• Eindhoven has one international school, International School of Eindhoven, an outstanding institution. It needs at least two new international schools and they need to be the American equivalent of high schools. Newly arriving parents with younger children should be directed to Dutch schools with immersive language programs so their kids quickly can become fluent. If Eindhoven doesn’t have a place for the older children of the people ASML and NXP are recruiting, the parents will opt to go to Singapore, Sunnyvale or Bellevue, which have good schools.
• Speaking of schools, the Netherlands as a whole needs to come up with a plan to make sure foreign university students have housing. These are the kids who are our future recruits in the global war for talent. The situation at all Dutch universities is critical, something we know from personal experience.
• Eindhoven officials need to let Eindhoven Airport do what airports do … let people and goods fly. The idea that an airport should “close” at night is absurd in the 21st century, when we’re all living, working and traveling 24/7.
• Eindhoven – and the Netherlands as a whole – needs a more tech-oriented, business-savvy media. The Dagblad covers crime and sports, topics that don’t really enhance a community in any meaningful way. It’s a sad state of affairs that to find a solid story about ASML, you have to go the New York Times.
• The Netherlands needs to neutralize the drug cartels. Obviously, this is a federal issue. But nothing kills a society deader than corruption. Ask the Mexicans. Again, I’ve seen it on the ground in the Balkans and Middle East. When your country is a transit point for billions in drugs every month, some of that money is going to paying off cops and government officials. And journalists and even politicians end up dead. If your citizens start to lose confidence in the political process, the police, internal security and the judicial system, then you have a real problem that’s nearly impossible to fix.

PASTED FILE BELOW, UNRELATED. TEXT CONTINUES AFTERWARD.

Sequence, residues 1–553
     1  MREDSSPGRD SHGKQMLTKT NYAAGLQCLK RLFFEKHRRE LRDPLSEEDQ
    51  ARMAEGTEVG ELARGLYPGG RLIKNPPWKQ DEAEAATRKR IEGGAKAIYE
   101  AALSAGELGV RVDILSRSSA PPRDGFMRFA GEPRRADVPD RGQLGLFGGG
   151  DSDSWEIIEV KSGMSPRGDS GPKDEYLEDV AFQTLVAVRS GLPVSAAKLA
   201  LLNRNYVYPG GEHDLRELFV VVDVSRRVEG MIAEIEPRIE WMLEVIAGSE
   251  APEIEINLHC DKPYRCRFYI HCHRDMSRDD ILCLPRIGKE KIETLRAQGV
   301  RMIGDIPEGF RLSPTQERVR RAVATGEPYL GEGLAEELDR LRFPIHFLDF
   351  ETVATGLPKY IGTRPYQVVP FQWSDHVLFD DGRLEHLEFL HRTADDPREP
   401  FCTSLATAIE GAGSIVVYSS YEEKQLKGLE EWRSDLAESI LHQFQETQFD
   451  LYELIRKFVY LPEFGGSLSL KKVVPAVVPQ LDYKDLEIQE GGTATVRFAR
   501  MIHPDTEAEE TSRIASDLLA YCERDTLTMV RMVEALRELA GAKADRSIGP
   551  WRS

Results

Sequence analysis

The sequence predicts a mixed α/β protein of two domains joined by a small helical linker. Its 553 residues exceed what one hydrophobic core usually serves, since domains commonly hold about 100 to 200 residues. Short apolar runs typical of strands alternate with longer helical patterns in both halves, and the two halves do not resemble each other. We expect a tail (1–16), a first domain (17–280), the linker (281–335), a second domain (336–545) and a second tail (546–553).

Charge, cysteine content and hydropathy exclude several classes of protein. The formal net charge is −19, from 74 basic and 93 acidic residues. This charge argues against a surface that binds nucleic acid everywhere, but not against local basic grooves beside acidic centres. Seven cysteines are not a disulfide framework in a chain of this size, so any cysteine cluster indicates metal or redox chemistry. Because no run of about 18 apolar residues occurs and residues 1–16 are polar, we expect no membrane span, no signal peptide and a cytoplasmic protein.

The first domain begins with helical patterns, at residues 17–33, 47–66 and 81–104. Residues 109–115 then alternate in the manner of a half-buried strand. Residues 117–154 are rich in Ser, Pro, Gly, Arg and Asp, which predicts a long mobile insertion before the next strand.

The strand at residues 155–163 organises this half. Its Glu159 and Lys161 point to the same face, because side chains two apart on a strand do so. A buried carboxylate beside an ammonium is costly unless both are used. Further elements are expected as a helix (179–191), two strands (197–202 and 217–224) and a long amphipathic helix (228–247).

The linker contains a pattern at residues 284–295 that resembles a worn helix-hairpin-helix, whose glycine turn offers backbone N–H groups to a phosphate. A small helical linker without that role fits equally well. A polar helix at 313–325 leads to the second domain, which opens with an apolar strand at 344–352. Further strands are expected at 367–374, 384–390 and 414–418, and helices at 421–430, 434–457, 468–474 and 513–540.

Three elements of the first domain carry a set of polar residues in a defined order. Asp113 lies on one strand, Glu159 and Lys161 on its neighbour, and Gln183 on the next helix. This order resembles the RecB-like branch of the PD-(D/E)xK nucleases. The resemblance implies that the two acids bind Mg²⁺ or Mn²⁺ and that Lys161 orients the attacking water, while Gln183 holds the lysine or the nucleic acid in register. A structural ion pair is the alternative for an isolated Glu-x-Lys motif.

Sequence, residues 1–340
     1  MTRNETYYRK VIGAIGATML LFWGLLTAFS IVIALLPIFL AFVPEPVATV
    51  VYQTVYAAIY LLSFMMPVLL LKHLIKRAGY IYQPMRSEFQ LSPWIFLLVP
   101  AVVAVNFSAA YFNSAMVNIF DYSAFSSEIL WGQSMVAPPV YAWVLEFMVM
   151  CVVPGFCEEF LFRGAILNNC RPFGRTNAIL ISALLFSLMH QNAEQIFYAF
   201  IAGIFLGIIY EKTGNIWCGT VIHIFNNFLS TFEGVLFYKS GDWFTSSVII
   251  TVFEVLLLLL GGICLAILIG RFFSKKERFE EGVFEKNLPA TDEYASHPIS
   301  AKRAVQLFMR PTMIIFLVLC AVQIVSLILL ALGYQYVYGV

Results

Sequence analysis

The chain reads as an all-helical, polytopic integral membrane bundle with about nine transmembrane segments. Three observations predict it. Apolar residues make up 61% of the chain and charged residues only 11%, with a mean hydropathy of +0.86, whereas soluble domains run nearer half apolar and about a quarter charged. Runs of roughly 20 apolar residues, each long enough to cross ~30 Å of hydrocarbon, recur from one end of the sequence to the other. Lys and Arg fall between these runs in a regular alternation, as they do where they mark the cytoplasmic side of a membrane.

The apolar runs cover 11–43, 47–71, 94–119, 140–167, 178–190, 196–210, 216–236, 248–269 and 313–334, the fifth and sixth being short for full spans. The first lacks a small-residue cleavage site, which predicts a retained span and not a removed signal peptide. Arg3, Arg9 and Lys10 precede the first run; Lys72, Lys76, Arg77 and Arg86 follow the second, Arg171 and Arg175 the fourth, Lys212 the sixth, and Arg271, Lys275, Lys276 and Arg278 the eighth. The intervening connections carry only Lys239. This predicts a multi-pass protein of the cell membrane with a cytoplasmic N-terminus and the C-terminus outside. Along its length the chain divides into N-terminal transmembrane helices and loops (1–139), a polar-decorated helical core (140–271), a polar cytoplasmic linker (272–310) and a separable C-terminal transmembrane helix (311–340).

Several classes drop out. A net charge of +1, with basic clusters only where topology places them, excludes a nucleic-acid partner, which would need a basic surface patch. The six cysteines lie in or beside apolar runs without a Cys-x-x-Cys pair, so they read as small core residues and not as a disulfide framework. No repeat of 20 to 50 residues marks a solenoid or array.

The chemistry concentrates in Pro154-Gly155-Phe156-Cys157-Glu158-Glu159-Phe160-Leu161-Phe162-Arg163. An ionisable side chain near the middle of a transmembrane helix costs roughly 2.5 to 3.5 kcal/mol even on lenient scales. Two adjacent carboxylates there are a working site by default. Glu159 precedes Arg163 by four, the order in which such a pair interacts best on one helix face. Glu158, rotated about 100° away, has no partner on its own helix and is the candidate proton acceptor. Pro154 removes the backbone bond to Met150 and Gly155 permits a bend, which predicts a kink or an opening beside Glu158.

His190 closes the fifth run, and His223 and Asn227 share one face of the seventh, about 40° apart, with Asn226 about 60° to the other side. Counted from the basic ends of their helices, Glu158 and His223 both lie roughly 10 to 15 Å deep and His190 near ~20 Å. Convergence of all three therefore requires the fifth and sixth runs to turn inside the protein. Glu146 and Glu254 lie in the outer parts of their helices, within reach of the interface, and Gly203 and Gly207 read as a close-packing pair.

A binary decision
I’m sure some of my Dutch fiends, and not a few expats, are going to see this post as lecturing.
But Eindhoven is facing a binary choice: Cities only grow or die. I know … my hometown of Louisville was withering on the vine until recently, the victim of intentional neglect and brain drain as was the case with so many former industrial towns in the United States. Now, we see economic stasis contributes to the rise of Trumpism and extreme politics and where that can lead.
Recently, Louisville has gotten a reprieve with expanding traditional heavy manufacturing. But no city has a future if it’s depending on cars and appliances … 20th century smokestack industry.
By comparison, Eindhoven is in the ideal position for global domination with ASML, NXP, the largest R&D campus in Europe and its new AI and 5G innovation centers, a top technical university and not one but two venture builders cranking out startups, LUMO Labs and HighTechXL.
Technology – whether it be in semiconductor, photonics, software, robotics, AI or fintech – is the only hope for real and sustainable economic growth in the 21st century.
About the author:
Terry Boyd is co-founder of Dispatches Media, based in Eindhoven, Netherlands. Boyd has been a military reporter, business reporter and an entrepreneur, selling Insider Louisville, a pure-play digital news platform, in 2013.
Boyd & Family are long-time expats and have lived in Turkey, Germany and the Netherlands.